President Lee Teng-hui (
"If you [China] fire your missiles, then I will use money to stabilize the stock market," Lee told local members of the Rotary Club at a function yesterday.
The comments appeared to be a throwback to events that occurred during Taiwan's first direct elections in 1996, when China fired missiles into the Taiwan Strait, jolting the island's stock and currency markets.
The missiles, as well as large-scale military exercises in China opposite Taiwan, followed president Lee's highly-publicized visit to his alma-matter, Cornell University in June, 1995.
In the wake of those threats, the stock market plummeted to around 4,500, down from levels above 6,500, while the NT dollar dropped from NT$25 to NT$27 against the greenback.
During that election campaign, Lee said that Taiwan had "18 countermeasures" to attacks from China.
The president brought up the issue again yesterday, saying "one of the  countermeasures is the national stabilization fund."
The NT$500 billion fund, now institutionalized into law, will come from government pension funds, the labor insurance fund and bank loans using government-owned stocks as collateral, officials said.
A committee of scholars and members from various political parties will be set up to oversee the fund's operations. Any fund managers or other officials convicted of trading on insider information will face up to seven years in jail.
Lee's off-the-cuff remarks, however, understate the grueling 19-hour struggle lawmakers waged over the bill, which finally passed at 5am yesterday morning.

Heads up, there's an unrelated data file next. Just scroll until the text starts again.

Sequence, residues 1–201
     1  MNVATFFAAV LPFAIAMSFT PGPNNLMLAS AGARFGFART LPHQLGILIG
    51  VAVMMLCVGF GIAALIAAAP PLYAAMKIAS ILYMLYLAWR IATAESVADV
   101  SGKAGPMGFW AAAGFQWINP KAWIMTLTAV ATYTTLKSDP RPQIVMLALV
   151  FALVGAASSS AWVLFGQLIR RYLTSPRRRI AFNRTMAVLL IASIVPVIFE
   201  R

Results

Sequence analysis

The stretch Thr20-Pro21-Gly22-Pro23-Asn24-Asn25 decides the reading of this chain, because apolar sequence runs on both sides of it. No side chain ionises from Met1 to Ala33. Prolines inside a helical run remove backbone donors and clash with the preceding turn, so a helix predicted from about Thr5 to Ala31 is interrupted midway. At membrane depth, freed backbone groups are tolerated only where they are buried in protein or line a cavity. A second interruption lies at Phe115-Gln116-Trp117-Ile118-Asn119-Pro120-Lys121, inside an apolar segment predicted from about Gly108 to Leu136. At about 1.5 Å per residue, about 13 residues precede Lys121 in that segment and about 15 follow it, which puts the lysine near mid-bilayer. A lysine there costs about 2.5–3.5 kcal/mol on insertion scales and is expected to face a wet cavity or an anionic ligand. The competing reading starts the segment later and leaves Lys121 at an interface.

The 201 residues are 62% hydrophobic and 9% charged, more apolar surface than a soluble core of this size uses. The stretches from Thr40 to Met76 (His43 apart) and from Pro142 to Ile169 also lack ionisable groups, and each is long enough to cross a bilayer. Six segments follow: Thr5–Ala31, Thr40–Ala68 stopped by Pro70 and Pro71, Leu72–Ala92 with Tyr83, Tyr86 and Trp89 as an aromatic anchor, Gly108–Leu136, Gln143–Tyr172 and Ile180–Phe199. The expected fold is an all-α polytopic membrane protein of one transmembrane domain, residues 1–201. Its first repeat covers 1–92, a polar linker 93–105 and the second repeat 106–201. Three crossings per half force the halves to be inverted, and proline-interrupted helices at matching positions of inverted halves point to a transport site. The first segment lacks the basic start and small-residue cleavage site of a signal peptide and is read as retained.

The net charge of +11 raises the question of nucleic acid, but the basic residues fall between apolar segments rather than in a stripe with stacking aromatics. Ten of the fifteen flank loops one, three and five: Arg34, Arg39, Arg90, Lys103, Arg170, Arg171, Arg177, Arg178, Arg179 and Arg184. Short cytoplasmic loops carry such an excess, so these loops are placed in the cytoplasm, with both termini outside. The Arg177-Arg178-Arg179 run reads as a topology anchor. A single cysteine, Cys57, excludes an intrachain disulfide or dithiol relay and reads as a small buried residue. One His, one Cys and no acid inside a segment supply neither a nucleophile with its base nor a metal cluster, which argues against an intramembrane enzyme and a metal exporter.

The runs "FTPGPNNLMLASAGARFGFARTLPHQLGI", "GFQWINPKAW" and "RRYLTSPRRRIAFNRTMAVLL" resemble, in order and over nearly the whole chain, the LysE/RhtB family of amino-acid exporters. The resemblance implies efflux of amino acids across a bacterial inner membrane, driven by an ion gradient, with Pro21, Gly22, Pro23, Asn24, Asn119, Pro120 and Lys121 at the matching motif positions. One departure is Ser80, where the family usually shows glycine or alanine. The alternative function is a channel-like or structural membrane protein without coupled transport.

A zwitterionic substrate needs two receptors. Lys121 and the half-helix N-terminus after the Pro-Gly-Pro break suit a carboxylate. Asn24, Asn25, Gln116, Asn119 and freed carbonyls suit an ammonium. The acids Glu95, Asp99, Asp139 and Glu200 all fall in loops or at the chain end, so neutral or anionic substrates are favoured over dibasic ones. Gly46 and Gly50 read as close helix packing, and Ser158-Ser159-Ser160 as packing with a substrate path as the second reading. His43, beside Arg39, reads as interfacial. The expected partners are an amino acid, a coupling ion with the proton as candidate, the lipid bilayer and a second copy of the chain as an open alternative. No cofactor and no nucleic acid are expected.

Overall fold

With the majority of KMT lawmakers behind the bill, the DPP and New Party could do little to stop it from passing, said DPP lawmaker Lin Chung-cheng (林忠正).
"Even if we [the DPP] all opposed the bill we would not be able to stop it, so we've worked to amend it where we could," Lin said.
One of the amendments was the inclusion of punishments for insider trading, and measures to insure the fund had a system of checks and balances in place. These include the periodic release of the financial details of the fund and the ability for scholars and experts to sit on the committee which monitors the fund, Lin said.
Passed just prior to the presidential election, some DPP mem-bers were also concerned that if they didn't step in to support the bill they would be dubbed as being anti-business and anti-stability.
"I am for a liberalized economy, but, because of the realities of the market and its size, it's better that we have some controls," Lin said. "You must have the ability to protect against a flood of outside investment leaving the market."
Investors responded positively to the new measures, lifting the local index 168.13 points or 1.9 percent to 9,191.37.
Still, some lawmakers like Lai Shih-pao (
"Aside from calming investors it has 100 disadvantages and not one benefit," Lai said. "Even if China does attack Taiwan, NT$500 billion is not going to keep Taiwan safe, it will only give large financial groups an opportunity to pull themselves out by transferring money over to funds."
Minister of Finance Paul Chiu (
Taiwan lacks a mechanism to deal with domestic financial crises as the island has not been able to obtain assistance from international organizations like the International Monetary Fund (IMF) or the World Bank, Chiu said.
Taiwan has been shut out of the IMF and the World Bank due to opposition from China, which claims it is an matter of national sovereignty.
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